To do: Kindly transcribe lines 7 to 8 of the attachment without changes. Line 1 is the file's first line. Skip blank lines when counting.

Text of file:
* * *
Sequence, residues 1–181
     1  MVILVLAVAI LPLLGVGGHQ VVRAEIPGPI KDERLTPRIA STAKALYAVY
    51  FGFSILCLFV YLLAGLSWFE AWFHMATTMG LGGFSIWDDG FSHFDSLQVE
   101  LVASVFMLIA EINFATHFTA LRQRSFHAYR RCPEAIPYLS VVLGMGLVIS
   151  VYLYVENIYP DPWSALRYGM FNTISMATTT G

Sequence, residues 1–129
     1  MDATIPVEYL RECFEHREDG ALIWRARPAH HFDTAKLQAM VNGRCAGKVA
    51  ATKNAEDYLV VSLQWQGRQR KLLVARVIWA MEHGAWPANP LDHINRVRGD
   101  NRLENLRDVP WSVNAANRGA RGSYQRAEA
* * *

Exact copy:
     1  MDATIPVEYL RECFEHREDG ALIWRARPAH HFDTAKLQAM VNGRCAGKVA
    51  ATKNAEDYLV VSLQWQGRQR KLLVARVIWA MEHGAWPANP LDHINRVRGD